-I have made several of these sensory bottles and they have so far worked the best as a fidget toy.
-Squishy balls with different textures on them like these (I find them at Walmart and my dollar store all the time):
-This Fidget Cube has been AMAZING for several students and it can be useful BUT it does make a small clicking sound that can be disruptive if the student is clicking it when you want to be teaching. The cube is perfect for times when they class is already a bit noisier but the child still needs something to fidget with.
3. Get them involved in the lesson. That might seem like an obvious one but so often we stand in front of the class and just teach instead of allowing students to take part. Get the student involved by holding something for you, reading something, pointing to something etc. It gives them a specific task to help hold their attention.
4. Chunk the work. Too many steps at once will draw their attention in too many different directions. Children with ADHD aren’t lacking in focus, they are actually focusing on many different things all at once which makes it difficult to just focus on one thing. Break it down for them in nice small, specific chunks.
5. Use headphones to block out distractions. You can get noise cancelling headphones that are meant for this purpose, they look like ones you might see on workers in a noisy workplace but they are child sized.
If you’re looking for Noise Cancelling headphones that you can also plug in to a device, check out these reviews here.
6. Block out visual distractions with an “office”. I have secured 2 twin pocket folders together so that they can stand up on a desk and act like a partition between students. I have a whole class set because I find many students like using these for privacy and to help with concentration and focus.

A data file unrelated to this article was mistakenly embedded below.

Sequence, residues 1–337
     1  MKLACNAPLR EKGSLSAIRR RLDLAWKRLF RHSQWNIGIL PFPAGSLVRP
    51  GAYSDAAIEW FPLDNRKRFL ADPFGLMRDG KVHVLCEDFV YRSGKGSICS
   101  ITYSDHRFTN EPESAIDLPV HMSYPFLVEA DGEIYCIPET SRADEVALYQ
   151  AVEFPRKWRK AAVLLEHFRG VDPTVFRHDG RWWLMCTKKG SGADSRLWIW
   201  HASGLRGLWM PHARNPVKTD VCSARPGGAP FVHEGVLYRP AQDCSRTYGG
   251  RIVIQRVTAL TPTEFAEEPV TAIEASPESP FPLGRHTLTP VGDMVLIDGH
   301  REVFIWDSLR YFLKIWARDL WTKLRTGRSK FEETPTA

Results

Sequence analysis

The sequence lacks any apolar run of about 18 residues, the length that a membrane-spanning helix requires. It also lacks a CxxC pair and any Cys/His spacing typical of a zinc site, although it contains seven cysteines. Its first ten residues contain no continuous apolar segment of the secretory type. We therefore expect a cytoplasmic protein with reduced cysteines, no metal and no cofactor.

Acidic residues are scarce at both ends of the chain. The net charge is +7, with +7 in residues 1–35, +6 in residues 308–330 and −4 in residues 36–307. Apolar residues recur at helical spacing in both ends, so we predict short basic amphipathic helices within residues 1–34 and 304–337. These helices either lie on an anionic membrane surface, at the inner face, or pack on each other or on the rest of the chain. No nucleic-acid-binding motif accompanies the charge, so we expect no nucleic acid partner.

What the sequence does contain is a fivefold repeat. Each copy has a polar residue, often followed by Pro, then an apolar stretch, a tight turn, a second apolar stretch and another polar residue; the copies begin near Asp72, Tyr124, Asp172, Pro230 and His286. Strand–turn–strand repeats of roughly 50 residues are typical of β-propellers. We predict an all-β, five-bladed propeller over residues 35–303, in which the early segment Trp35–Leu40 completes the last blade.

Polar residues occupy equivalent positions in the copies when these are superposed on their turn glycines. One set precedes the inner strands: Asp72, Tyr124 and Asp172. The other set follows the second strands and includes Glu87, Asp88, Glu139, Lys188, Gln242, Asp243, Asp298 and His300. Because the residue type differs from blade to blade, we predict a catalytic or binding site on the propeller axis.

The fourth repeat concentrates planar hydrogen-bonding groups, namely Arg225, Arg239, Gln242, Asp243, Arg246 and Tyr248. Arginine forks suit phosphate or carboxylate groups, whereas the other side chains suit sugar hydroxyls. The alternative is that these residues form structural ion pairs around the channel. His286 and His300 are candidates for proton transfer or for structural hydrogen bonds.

7. Frequent check-ins. While students are working I make a point of checking in multiple times with my students with ADHD. Sometimes it is obvious when they are off task but for some students with ADHD they might not be disruptive. They might just be staring off into space (or appear to be staring off into space). I check in and give feedback on the work they have completed so far and then I give a specific task for them to work on next like, “Okay, now I want you to check over your writing for spelling mistakes”. Then I’ll check back in 5-10 minutes and if they are done that task, “Alright, now I would like you to find a friend to peer edit your story”.
8. Provide alternative seating. In my class, I have a couch, pillows, a foam rocking chair, an exercise ball and various styles of tables. There are so many cheap options out there now like these Wiggle Seats and